Cannabis in Ancient Israel

Matt MacK @ 2020-06-07 14:34:14 -0700

An ancient desert shrine in Israel has provided proof of cannabis being burned during religious offerings. The Holy of Holies altar, discovered in the Arad temple in the Israeli Negev desert, contains charred cannabis residue dating back to over 2,500 years ago.

Did the ancient Israelites burn cannabis to get high? 

Archaeologists studying the altar claim that the cannabis was deliberately burned to get religious participants high off of tetrahydrocannabinol (THC), the psychoactive compound in cannabis. This is a significant discovery because it is the first evidence linking the global consumption of cannabis to ancient Judaism.

Thanks to many Israeli shrine sites sitting on Muslim holy ground, scholars have had remarkable opportunities to study preserved artifacts from the First Temple era. The layout of these temples is consistent: courtyard, main prayer room, and a small, raised room in the center known as the Holy of Holies.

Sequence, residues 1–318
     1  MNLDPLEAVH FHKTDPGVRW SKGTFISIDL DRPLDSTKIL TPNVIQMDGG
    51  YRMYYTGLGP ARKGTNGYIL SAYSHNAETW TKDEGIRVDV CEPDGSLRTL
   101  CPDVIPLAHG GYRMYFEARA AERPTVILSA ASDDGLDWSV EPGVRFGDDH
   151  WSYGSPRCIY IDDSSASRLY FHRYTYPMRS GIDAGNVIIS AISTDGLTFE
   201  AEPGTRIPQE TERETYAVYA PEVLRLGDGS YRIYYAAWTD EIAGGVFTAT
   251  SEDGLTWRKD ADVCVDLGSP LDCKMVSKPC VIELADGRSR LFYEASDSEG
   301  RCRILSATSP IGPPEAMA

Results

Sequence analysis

Inside the Holy of Holies room in the Arad temple lies the massebah. It is a physical representation of the deity the ancient Israelites worshipped, represented in the form of crafted limestone altars. The charred cannabis remains on top of the massebah represent the worshippers’ offering to their deity.

Initially discovered in the 1960s, the Arad temple altar substance was initially thought to be a form of incense or small animal remains. Fast forward to the present day. Researchers applied modern scientific techniques to confirm the chemical composition of the substances found on both Arad temple altars. Frankincense was the first compound discovered. Frankincense is a resin commonly referenced throughout ancient religious texts. Of course, the next chemical compounds discovered were the most shocking and comprised three different cannabis compounds (THC, CBD, and CBN.) Other compounds have been discovered mixed in with the frankincense and cannabis, particularly animal fat and dung. Scholars suggest the animal fat helped achieve higher temperatures to release the smell of frankincense, while dung was used to help burn cannabis at a lower temperature to trigger its psychoactive compounds amongst worshippers in attendance.

As our nation continues to eradicate strict cannabis legislation, learning the extent of its role in ancient civilizations will serve as a powerful reference to continue supporting rapid legalization.